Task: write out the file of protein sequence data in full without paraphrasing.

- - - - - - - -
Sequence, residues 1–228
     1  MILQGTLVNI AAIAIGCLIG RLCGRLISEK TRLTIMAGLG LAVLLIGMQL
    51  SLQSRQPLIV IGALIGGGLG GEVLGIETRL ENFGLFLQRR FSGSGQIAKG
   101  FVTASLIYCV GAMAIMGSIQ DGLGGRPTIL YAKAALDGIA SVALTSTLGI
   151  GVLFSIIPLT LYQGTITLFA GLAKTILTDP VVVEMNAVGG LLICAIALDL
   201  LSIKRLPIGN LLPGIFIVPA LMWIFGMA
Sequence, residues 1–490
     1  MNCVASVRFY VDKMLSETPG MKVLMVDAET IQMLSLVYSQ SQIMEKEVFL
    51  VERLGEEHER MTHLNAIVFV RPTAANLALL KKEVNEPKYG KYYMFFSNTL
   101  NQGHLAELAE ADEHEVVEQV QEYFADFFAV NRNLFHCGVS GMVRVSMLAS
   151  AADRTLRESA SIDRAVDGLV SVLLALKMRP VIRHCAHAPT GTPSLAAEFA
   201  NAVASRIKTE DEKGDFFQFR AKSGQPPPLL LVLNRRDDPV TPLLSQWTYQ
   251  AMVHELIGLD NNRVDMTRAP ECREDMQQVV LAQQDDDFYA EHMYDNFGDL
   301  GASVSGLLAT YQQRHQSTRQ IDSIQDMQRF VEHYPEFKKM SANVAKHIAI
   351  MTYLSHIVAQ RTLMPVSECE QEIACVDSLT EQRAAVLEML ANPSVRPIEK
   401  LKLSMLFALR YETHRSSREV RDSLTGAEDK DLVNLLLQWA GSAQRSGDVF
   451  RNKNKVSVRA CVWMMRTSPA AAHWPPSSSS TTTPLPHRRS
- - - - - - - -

Sequence, residues 1–228
     1  MILQGTLVNI AAIAIGCLIG RLCGRLISEK TRLTIMAGLG LAVLLIGMQL
    51  SLQSRQPLIV IGALIGGGLG GEVLGIETRL ENFGLFLQRR FSGSGQIAKG
   101  FVTASLIYCV GAMAIMGSIQ DGLGGRPTIL YAKAALDGIA SVALTSTLGI
   151  GVLFSIIPLT LYQGTITLFA GLAKTILTDP VVVEMNAVGG LLICAIALDL
   201  LSIKRLPIGN LLPGIFIVPA LMWIFGMA
Sequence, residues 1–490
     1  MNCVASVRFY VDKMLSETPG MKVLMVDAET IQMLSLVYSQ SQIMEKEVFL
    51  VERLGEEHER MTHLNAIVFV RPTAANLALL KKEVNEPKYG KYYMFFSNTL
   101  NQGHLAELAE ADEHEVVEQV QEYFADFFAV NRNLFHCGVS GMVRVSMLAS
   151  AADRTLRESA SIDRAVDGLV SVLLALKMRP VIRHCAHAPT GTPSLAAEFA
   201  NAVASRIKTE DEKGDFFQFR AKSGQPPPLL LVLNRRDDPV TPLLSQWTYQ
   251  AMVHELIGLD NNRVDMTRAP ECREDMQQVV LAQQDDDFYA EHMYDNFGDL
   301  GASVSGLLAT YQQRHQSTRQ IDSIQDMQRF VEHYPEFKKM SANVAKHIAI
   351  MTYLSHIVAQ RTLMPVSECE QEIACVDSLT EQRAAVLEML ANPSVRPIEK
   401  LKLSMLFALR YETHRSSREV RDSLTGAEDK DLVNLLLQWA GSAQRSGDVF
   451  RNKNKVSVRA CVWMMRTSPA AAHWPPSSSS TTTPLPHRRS